Crush Injury update

Crush Injury update

ANZCOR Guideline 9.1.7 – First Aid Management of a Crushed Victim

SUMMARY

Who does this guideline apply to?

This guideline applies to adults, adolescents and children.

Who is the audience for this guideline?

This guideline is for bystanders, first aiders and first aid providers.

Recommendations

The Australian and New Zealand Committee on Resuscitation (ANZCOR) make the following recommendations:

  1. Removing all crushing forces as soon as possible.
  2. Controlling external bleeding.
  3. Avoiding routinely applying an arterial tourniquet prior to the removal of the crushing force unless there is actual or suspected life-threatening bleeding.

ANZCOR Guideline 9.1.7 November 2019 Page 2 of 4

GUIDELINE

1 Introduction

Crush injuries may result from a variety of situations, including vehicle entrapment, falling debris, industrial accidents or by prolonged pressure to a part of the body due to their own body weight in an immobile person.(1-5) Crush syndrome refers to the multiple problems that may subsequently develop, most commonly as a result of crush injuries to the limbs, particularly the legs.(1) Crush syndrome results from disruption of the body’s chemistry and can result in kidney, heart and other problems. The likelihood of developing acute crush syndrome is directly related to the compression time, therefore crushed persons should be released as quickly as possible, irrespective of how long they have been trapped.1,2

2 Recognition

Crush injury should be suspected whenever there is a crushing force. A crush injury should be suspected whenever a part of the body is crushed or compressed or when you are unable to fully see or examine a part of the body.

Crush injury can also result from prolonged pressure to a part of the body due to their own body weight in an immobile person and may show few symptoms or signs.

Persons with crush injuries may show symptoms and signs of bleeding (Guideline 9.1.1), shock (Guideline 9.2.3) and hypothermia (Guideline 9.3.3).

A person with a crush injury may not complain of pain and there may be no external signs of injury. Any person who has been subjected to crush injury, including from their own body weight, should be taken to hospital for immediate investigation. 2-4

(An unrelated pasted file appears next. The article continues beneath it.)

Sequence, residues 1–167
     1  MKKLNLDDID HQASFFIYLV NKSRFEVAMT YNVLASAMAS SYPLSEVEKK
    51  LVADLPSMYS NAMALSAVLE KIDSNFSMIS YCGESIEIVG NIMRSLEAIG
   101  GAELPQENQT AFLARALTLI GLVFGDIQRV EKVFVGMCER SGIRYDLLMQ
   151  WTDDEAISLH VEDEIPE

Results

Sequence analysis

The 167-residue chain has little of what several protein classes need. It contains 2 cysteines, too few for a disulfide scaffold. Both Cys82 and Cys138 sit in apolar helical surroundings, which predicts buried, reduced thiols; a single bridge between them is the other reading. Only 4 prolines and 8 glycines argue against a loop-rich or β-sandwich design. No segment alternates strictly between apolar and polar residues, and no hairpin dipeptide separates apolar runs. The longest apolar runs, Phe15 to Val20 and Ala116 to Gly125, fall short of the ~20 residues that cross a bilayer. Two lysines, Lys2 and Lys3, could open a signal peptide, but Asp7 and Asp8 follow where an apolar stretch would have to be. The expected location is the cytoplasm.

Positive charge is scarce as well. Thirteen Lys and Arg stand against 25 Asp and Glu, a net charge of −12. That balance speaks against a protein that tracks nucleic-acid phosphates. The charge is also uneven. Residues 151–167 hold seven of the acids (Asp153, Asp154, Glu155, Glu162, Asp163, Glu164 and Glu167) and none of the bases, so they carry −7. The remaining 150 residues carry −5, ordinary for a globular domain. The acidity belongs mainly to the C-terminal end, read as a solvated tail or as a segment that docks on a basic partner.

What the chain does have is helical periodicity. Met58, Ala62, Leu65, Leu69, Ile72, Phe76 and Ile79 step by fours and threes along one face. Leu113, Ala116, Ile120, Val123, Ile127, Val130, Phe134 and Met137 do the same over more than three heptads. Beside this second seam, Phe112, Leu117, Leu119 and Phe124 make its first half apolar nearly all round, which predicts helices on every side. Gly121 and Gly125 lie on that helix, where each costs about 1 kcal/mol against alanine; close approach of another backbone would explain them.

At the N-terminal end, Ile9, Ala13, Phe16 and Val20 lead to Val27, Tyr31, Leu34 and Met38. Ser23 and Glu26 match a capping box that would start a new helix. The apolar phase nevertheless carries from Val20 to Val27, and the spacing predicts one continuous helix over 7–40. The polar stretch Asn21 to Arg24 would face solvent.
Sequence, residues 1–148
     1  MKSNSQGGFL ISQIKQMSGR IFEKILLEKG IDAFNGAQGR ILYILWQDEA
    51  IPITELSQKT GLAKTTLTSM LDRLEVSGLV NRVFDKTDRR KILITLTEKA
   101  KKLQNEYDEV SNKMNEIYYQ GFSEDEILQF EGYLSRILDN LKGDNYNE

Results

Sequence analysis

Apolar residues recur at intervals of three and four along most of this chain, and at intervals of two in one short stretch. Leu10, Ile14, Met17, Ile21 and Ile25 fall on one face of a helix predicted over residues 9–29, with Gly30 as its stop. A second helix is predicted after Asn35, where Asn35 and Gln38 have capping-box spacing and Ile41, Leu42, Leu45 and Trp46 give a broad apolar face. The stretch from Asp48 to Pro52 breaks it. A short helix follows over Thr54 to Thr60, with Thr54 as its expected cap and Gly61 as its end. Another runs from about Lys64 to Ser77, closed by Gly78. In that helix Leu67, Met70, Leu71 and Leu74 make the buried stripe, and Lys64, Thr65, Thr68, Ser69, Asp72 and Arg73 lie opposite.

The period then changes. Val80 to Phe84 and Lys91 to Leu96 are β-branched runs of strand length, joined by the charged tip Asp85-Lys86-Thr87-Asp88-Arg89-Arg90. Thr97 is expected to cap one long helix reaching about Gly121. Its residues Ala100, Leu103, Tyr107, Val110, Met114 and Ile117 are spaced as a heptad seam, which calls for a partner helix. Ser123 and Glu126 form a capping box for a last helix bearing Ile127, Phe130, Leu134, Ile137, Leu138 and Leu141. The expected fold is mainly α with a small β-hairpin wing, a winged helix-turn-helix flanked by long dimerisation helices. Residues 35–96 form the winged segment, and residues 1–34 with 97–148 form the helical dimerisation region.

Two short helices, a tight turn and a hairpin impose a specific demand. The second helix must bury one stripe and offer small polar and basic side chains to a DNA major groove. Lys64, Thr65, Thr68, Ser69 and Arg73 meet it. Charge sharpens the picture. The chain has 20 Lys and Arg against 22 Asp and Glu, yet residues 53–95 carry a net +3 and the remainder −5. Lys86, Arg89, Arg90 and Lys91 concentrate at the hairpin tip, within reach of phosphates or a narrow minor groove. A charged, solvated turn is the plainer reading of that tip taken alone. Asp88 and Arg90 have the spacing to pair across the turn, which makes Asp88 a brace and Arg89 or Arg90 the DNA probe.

3 Management

If the person is unresponsive and not breathing normally, follow ANZCOR Basic Life Support Flowchart (Guideline 8).

  1. Ensure your safety and the safety of others
  2. Call an ambulance
  3. If it is safe to do so and physically possible, remove all crushing forces from the person as soon as possible1
  4. Control any external bleeding 5,6 (Guideline 9.1.1)
  5. Treat other injuries
  6. Maintain body temperature (prevent hypothermia).
  7. Reassure and constantly re-check the person’s condition for any deterioration
  8. If the person is unconscious and breathing normally, follow ANZCOR Guideline 3.

 

ANZCOR Guideline 9.1.7 November 2019 Page 3 of 4

4 Use of tourniquets 7

There is insufficient evidence to recommend the routine use of a tourniquet prior to the release of a crushing force to delay the onset of reperfusion injury. The application of a tourniquet is recommended where there is life-threatening bleeding from a limb before or immediately following the removal of the crushing force (Guideline 9.1.1). Bleeding may be significant following the release of a crushing force.

A tourniquet may be put into position prior to the release of the crushing force in anticipation of life-threatening bleeding but this should not delay the release of the crushed person.

References

  1. Greaves, I, Porter, K and Smith, JE, Consensus statement on the early management of crush injury and prevention of crush syndrome. J R Army Med Corps. 2003;149(4):255-9
  2. Aoki, N, Demsar, J, Zupan, B, Mozina, M. Predictive modelling for estimating risk of crush syndrome: a data mining approach. J Trauma. 2007;62(4):940-5
  3. Brown, AA and Nicholls, RJ, Crush syndrome: A report of 2 cases and a review of the literature. Brit J Surg. 1977;64(6):397-402
  4. Burns, K, Cone, DC, Portereiko, J.V. Complex extrication and crush injury. Prehosp Emerg Care. 2010;14(2):240-4
  5. Jagodzinski, NA, Weerasinghe, C and Porter, K, Crush injuries and crush syndrome – A review. Part 1: The systemic injury. Trauma. 2010;12(2):69-88
  6. Hatamizadeh, P, Najafi, I, Vanholder, R, Rashid-Farokhi,F, et al., Epidemiologic Aspects of the Bam Earthquake in Iran: The Nephrologic Perspective. Am J Kid Dis. 2006;47(3):428- 38
  7. Zideman, D. A., Singletary, E. M., De Buck, E., et al. (2015). Part 9: First aid: 2015 International Consensus on First Aid Science with Treatment Recommendations. Resuscitation, 95, e225. http://www.cprguidelines.eu/assets/downloads/costr/S0300- 9572(15)00368-8_main.pdf Accessed 20/9/2019

 

 

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